classification
Title: add threading.RWLock
Type: enhancement Stage: patch review
Components: Library (Lib) Versions: Python 3.4
process
Status: open Resolution:
Dependencies: Superseder:
Assigned To: Nosy List: Ofekmeister, Sebastian.Noack, asvetlov, christian.heimes, dan.oreilly, jyasskin, kristjan.jonsson, mklauber, neologix, njs, pitrou, sbt, vrutsky
Priority: normal Keywords: needs review, patch

Created on 2010-05-24 09:55 by kristjan.jonsson, last changed 2017-02-14 09:13 by njs.

Files
File name Uploaded Description Edit
rwlock.patch kristjan.jonsson, 2010-05-24 09:55 review
Added-ShrdExclLock-to-threading-and-multiprocessing.patch Sebastian.Noack, 2012-09-30 02:01 review
sharablelock.patch kristjan.jonsson, 2012-09-30 17:19 review
Added-ShrdExclLock-to-threading-and-multiprocessing-2.patch Sebastian.Noack, 2012-09-30 18:40 review
rwlock.patch kristjan.jonsson, 2012-10-02 11:37 review
rwlock.patch kristjan.jonsson, 2012-10-04 10:29 review
rwlock-sbt.patch sbt, 2012-10-04 17:24 review
Messages (61)
msg106350 - (view) Author: Kristján Valur Jónsson (kristjan.jonsson) * (Python committer) Date: 2010-05-24 09:55
Provided is a patch, implementing a RWLock using a ConditionVariable and Lock.
It has rdlock() and wrlock() methods, and an unlock() method, similar to the rwlock API in pthreads.
It has context managers rdlocked() and wrlocked().
In addition, it conforms to the RLock interface, with acquire() and release() being aliases to wrlock() and unlock() respectively and when used as a context manager, it gets a wrlock()
There is no documentation yet, since this is just a proposal, but there are unit tests.

See also issue 8777 for another locking primitive, the Barrier.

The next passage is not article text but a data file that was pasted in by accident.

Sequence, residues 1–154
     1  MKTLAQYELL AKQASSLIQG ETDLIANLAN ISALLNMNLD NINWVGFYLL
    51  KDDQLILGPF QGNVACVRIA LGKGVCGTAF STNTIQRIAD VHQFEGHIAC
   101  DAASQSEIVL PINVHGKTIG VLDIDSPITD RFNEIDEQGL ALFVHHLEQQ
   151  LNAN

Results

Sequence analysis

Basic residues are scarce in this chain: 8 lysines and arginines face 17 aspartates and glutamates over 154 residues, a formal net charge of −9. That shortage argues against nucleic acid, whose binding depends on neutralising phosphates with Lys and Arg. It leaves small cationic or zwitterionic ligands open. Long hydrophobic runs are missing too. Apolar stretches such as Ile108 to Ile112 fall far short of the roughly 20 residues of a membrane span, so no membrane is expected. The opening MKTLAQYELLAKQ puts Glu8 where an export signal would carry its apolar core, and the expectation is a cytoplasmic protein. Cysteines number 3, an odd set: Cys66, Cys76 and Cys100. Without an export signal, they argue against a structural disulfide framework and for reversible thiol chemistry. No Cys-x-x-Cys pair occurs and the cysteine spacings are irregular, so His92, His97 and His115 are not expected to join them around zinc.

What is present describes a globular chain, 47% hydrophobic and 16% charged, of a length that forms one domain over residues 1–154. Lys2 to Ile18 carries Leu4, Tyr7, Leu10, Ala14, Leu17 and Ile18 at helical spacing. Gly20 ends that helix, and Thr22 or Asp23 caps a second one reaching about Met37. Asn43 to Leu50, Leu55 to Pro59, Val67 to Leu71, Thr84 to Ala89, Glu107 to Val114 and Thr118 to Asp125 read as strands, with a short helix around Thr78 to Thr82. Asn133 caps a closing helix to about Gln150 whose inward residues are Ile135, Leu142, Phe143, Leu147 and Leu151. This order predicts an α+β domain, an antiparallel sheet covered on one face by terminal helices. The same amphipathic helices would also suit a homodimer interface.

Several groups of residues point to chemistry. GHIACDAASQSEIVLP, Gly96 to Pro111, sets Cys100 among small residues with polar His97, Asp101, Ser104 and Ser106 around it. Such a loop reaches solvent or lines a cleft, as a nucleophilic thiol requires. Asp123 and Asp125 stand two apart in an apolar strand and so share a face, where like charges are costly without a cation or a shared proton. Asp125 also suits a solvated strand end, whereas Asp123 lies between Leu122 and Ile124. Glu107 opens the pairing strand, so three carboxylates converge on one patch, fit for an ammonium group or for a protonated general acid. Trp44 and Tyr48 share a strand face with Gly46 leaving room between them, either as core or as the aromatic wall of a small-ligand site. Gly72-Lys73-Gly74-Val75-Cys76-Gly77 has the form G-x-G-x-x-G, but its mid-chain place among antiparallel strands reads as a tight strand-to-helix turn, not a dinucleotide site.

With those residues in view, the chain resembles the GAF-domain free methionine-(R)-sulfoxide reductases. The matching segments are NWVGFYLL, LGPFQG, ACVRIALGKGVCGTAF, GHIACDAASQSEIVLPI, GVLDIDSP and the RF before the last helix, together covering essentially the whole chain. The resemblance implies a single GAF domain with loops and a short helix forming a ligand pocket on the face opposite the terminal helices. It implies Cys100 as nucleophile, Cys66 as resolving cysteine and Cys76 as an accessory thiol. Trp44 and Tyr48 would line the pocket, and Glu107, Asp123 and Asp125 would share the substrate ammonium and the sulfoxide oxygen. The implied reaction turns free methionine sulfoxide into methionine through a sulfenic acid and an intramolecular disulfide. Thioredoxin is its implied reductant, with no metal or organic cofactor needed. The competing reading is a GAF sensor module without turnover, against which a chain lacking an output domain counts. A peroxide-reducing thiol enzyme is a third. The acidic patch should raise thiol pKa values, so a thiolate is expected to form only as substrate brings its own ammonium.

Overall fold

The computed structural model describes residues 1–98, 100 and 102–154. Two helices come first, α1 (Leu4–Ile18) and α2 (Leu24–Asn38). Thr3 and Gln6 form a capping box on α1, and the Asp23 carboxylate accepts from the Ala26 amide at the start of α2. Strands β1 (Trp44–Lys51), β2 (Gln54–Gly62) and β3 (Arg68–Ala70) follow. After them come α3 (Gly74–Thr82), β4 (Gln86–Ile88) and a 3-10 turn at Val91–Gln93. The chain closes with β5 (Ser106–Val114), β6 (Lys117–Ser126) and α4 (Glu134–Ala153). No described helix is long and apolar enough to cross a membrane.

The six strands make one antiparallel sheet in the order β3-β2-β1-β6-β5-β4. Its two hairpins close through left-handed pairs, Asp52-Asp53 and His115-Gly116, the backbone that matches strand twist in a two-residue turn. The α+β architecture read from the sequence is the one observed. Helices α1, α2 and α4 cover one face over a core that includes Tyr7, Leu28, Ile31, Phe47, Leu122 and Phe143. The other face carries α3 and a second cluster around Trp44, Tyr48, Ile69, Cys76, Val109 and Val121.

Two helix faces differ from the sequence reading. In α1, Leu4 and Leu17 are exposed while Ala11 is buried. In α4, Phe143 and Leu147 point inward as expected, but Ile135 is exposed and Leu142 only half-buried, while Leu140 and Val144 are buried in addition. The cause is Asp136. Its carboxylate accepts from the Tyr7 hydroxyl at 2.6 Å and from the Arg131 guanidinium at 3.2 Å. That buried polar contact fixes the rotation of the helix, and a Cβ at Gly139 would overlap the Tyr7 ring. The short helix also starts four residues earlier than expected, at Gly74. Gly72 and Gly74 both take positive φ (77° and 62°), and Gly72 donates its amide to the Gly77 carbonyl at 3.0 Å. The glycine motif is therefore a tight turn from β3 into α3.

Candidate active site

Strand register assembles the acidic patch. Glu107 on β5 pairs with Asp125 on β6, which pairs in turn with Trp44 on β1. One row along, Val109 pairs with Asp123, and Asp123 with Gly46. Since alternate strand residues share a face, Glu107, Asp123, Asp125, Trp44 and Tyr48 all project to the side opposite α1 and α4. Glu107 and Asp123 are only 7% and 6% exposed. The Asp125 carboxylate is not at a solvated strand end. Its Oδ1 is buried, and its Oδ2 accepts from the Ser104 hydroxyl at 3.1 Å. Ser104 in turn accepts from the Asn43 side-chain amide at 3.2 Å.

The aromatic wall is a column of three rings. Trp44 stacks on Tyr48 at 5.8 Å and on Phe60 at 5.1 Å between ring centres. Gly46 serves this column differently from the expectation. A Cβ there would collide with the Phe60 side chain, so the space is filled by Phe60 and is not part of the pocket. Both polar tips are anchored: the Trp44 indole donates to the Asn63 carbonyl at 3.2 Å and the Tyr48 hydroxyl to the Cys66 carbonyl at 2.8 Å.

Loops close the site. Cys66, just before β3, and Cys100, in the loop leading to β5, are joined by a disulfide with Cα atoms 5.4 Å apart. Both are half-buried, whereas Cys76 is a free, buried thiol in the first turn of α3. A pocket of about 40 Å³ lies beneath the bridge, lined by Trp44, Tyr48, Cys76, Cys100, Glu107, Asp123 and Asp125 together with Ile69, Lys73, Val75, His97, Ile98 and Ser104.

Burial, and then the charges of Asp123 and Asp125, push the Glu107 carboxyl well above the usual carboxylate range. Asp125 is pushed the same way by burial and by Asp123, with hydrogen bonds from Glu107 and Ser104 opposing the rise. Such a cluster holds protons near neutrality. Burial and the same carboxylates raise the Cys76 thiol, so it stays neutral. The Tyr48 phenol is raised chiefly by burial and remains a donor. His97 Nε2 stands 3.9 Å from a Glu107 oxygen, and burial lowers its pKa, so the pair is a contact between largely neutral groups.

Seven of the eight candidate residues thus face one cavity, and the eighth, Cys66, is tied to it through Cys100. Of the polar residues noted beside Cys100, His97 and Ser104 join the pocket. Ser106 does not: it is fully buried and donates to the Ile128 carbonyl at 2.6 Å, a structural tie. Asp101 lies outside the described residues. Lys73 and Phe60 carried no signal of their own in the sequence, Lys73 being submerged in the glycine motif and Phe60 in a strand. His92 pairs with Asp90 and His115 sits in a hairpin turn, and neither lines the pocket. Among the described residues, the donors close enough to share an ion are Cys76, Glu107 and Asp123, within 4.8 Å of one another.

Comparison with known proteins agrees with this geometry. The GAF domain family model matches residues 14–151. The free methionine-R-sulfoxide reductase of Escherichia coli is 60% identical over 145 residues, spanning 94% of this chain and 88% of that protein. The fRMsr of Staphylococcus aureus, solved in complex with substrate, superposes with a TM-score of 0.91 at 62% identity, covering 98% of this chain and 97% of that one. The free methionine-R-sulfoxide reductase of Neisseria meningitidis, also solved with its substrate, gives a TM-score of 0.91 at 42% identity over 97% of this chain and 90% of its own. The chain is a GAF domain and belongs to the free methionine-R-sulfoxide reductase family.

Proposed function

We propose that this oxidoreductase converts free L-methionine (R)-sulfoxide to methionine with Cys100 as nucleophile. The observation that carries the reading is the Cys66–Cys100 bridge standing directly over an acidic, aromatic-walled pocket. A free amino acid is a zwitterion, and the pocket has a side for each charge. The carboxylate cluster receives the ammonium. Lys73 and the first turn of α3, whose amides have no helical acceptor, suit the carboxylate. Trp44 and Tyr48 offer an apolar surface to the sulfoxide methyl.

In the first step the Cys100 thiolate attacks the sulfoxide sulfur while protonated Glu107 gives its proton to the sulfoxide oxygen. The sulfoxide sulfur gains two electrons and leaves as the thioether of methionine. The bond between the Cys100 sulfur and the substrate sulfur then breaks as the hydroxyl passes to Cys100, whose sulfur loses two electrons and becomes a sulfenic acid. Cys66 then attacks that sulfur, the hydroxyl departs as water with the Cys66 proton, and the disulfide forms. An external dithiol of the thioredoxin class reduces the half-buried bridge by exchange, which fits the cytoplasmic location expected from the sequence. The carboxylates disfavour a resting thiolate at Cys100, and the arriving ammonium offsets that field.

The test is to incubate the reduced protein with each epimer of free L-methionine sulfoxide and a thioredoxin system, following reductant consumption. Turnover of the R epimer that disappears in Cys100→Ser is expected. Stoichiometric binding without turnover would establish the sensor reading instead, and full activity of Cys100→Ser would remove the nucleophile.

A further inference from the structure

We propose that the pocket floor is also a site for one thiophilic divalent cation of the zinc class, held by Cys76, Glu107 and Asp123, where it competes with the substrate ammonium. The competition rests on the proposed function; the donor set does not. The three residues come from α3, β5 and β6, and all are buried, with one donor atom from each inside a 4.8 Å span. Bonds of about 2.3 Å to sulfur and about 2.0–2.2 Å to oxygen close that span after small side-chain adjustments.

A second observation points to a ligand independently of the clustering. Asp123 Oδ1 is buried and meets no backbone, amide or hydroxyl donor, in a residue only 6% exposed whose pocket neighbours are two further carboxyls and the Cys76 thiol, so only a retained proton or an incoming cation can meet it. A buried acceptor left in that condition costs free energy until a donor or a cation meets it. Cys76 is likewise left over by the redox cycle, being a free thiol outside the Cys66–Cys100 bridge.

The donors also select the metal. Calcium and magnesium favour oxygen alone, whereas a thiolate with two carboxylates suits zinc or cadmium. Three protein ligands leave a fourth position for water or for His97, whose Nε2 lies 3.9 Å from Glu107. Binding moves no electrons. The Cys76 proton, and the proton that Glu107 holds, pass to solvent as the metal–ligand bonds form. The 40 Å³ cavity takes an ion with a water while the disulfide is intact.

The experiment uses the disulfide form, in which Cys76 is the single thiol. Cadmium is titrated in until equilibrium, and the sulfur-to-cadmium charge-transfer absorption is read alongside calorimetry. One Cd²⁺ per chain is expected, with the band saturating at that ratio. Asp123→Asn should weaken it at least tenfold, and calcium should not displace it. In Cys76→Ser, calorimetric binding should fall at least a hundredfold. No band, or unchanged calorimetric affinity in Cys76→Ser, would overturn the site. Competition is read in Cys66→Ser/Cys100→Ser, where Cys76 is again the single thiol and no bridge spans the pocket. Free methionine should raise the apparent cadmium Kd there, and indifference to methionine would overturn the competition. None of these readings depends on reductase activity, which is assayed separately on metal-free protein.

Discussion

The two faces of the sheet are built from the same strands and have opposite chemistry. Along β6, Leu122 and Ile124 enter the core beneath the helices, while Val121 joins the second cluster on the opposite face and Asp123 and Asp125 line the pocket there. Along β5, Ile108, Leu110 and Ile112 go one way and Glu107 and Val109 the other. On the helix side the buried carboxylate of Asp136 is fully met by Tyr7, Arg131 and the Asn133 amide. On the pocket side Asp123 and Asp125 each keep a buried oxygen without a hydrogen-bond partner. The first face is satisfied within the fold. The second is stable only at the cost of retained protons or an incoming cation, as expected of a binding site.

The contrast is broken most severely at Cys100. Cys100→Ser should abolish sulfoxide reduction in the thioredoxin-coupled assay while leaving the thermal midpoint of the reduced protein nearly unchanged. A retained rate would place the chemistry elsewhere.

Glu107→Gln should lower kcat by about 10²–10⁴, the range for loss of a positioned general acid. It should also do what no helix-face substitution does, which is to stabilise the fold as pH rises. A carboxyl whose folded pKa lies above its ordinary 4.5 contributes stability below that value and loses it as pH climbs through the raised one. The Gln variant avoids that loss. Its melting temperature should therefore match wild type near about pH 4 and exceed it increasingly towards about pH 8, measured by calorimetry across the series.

msg106372 - (view) Author: Jeffrey Yasskin (jyasskin) * (Python committer) Date: 2010-05-24 16:39
This patch doesn't apply cleanly against the py3k tree. Since Python 2.7 is in beta, and there's no 2.8, this can only go into python 3, so you should work against that tree.

It's a bit annoying that the R in RWLock stands for a different word from in RLock. But I can't think of a better name.

Hm, the test for RWLock should use a Barrier to check for multiple readers.

I wonder if it makes sense to add a DeadlockError as a subclass of RuntimeError and throw that from trying to upgrade a read-lock to a write-lock.

The docs should describe why upgrading a read-lock to a write-lock is banned, or else people will try to add the feature.


test_wrrecursion should also check pure writer recursion. Oh, no, that's tested by RLockTests. Comment that please. The name of the test should probably mention write_then_read_recursion to distinguish it from write-then-write or read-then-write.

test_readers_writers doesn't quite test enough. (Feel free to add another test rather than changing this one.) You want to test that readers can't starve writers. For example, say we have:
  lock = RWLock()
  done = False
  def r():
    with lock.rdlocked():
      if done:
        return
      _wait()
  def w():
    nonlocal done
    with lock.wrlocked():
      done = True
  readers = Bunch(r, 50)
  _wait()
  writers = Bunch(w, 1)
  readers.wait_for_finished()
  writers.wait_for_finished()

In a naive implementation, there may never be a point where no reader has the lock held, and so the writer may never get in to tell them all to exit. I believe your implementation will already pass this test.

spelling: mathced

I'm not sure that "#threads will be few" is true for a read-lock, but I don't mind for the first implementation.

Generally put a space after # when it introduces a comment, start comments with a capital letter, and end them with punctuation so we know you didn't stop typing early.

In _rdlock could you flip the "not self.nw" condition? That way the else won't be a double-negative.

Can self.rcond.wait() ever throw an exception? I suspect you should use try:finally: to guard the "self.nr -= 1"

Why must the user hold a write lock to use Condition.wait? Semantically, a waiting on a read-lock would release the current thread's recursive read-locks, and all should be well.